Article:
The same as the wing collar, but with rounded tips. Popularised by fictional detective Hercule Poirot. A collar fashioned like a cape and hanging over the shoulders. A woman's collar for a low V-neckline, with a stand and long points, popular in the s and s. A band collar worn as part of clerical clothing. A high standing collar opening to one side and frequently trimmed with embroidery ; popular under the influence of the film Doctor Zhivago.

A collar made as a separate accessory to be worn with a band-collared shirt. Currently worn styles are turndown, tab, and dog collars; as well as historical styles such as Imperial or Gladstone.

The opposite of slovenly, but not actually formal. A wide stiff buttoned collar forming part of the uniform of Eton College starting in the late 19th century. A collar with rectangular points falling over the chest, worn in the 17th century and remaining part of Anglican clerical clothing into the 19th century.

A collar styled like an 18th-century fichu , a large neckerchief folded into a triangular shape and worn with the point in the back and the front corners tied over the breast.

A standing collar with the points pressed to stick out horizontally at the side-fronts, worn with a scarf or ascot; popularized by the British Prime Minister William Ewart Gladstone.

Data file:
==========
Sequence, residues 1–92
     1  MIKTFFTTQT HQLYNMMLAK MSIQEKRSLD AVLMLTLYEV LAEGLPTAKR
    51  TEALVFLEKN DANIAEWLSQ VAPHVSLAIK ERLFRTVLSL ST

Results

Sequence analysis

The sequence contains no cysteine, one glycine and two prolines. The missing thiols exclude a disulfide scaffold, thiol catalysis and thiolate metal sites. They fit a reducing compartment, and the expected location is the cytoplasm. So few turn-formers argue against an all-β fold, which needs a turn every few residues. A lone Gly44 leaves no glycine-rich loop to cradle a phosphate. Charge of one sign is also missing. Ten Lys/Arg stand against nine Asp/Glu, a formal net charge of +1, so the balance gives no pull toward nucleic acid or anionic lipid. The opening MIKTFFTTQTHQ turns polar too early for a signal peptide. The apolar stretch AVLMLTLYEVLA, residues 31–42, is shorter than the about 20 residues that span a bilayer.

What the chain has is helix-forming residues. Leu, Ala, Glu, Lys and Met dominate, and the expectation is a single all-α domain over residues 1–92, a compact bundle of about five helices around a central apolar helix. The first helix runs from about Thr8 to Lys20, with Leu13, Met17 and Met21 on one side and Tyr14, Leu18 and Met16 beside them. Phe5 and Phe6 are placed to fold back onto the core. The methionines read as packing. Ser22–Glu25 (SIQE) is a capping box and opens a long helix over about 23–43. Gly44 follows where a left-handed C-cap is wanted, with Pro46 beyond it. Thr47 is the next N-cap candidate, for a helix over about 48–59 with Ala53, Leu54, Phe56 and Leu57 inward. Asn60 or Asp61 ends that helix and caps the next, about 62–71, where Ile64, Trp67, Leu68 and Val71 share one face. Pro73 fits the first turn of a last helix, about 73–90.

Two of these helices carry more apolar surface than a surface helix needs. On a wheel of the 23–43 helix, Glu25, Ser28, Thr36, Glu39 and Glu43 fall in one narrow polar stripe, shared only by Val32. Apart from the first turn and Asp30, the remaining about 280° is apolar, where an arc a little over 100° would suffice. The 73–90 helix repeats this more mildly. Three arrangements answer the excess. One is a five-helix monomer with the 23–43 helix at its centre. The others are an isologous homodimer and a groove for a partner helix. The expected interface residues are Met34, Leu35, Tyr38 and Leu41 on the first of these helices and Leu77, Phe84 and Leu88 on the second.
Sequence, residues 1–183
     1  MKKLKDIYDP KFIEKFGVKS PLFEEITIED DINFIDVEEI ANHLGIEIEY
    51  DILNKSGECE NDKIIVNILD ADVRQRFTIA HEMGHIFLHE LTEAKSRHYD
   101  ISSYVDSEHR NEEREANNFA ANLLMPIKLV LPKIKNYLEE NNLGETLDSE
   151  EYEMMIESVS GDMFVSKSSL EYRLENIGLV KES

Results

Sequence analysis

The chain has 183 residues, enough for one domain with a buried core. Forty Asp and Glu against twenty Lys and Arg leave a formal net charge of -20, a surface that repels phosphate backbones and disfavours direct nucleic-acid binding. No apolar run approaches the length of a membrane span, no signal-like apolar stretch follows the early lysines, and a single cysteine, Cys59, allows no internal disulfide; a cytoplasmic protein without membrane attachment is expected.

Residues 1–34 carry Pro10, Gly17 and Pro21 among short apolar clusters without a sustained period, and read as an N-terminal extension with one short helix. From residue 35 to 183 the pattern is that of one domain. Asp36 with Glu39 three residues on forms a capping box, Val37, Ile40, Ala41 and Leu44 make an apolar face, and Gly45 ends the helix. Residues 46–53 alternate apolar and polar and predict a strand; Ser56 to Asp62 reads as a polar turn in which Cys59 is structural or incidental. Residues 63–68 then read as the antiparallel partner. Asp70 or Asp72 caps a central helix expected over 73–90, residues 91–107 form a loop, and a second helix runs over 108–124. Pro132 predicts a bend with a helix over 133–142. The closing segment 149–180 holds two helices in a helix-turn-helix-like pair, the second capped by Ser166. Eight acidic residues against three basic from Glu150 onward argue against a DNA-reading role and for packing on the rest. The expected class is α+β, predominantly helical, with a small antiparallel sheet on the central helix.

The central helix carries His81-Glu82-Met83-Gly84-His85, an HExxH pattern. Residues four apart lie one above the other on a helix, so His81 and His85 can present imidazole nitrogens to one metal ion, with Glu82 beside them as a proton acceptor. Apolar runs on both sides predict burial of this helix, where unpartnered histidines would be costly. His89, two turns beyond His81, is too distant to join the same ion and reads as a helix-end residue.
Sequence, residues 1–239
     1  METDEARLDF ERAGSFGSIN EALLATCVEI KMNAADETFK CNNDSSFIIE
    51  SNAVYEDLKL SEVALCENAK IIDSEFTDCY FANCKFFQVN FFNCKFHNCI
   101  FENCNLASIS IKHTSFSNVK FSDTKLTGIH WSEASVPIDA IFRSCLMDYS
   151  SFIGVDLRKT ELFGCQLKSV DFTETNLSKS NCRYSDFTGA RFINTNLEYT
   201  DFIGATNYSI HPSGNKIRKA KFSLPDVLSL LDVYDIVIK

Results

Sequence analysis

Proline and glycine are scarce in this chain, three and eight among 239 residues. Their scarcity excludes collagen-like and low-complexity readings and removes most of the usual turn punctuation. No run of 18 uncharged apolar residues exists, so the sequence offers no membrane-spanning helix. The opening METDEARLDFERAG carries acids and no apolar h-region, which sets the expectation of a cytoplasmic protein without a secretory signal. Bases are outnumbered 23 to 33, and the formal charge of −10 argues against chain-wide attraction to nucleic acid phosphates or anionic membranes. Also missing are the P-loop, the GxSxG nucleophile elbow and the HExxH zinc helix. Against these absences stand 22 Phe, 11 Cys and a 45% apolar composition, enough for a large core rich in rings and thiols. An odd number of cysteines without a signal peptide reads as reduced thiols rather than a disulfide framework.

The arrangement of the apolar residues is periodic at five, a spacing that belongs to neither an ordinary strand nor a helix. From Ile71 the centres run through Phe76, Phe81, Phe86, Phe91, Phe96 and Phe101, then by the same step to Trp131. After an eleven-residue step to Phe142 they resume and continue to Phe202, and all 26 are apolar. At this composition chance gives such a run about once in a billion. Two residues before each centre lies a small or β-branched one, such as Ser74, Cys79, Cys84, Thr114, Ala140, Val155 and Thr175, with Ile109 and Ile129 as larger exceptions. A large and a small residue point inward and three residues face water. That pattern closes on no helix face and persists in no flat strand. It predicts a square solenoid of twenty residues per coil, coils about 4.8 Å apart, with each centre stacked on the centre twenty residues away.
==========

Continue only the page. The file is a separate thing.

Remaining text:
A shirt collar created [4] by Charvet for Edward VII , which became very popular [5] at the end of the 19th century. A stiff standing collar for men's formal wear, differentiated from other tall styles by the lack of tabs at the front. A standing collar with a pleated , ruffled , or lace -trimmed frill down the front. A collar with long pointy edges. Usually worn with a suit and a tie, because otherwise the extra long collar points can look odd.

It's considered a conservative type of collar. A small standing collar, open at the front, based on traditional Manchu or Mongol-influenced Asian garments. A woman's shirt collar made like a man's shirt collar with a stand and stiffened or buttoned-down points. A short, almost straight standing collar folded over, with the points extending only to the base of the band, characteristic of the Mao suit. A detachable collar made of fabric or chains that is worn by Freemasons of high rank or office.

It signifies which office they hold. A jewel is attached to the bottom of the collar further defining the Brothers rank and office. A flared, fan-shaped collar standing high behind the head, often of lace, in the style seen in portraits of Marie de' Medici [7].

A sailor collar from midshipman , popular for women's and children's clothing in the early 20th century. So called because of its association with Emperor Napoleon I Bonaparte 's military uniforms. A turnover collar, fairly rigid in construction and open at the front, it is similar to a Nehru collar, but it rises much higher and is generally shaped to frame the wearer's neck and lower head; this was a design feature that William Belew incorporated into Elvis Presley 's "stage uniforms" in his later years.

A small standing collar, meeting at the front, based on traditional Indian garments, popular in the s with the Nehru jacket. A wing-shaped collar with a triangular notch in it, with the lapels when on blazers and jackets of a garment at the seam where collar and lapels.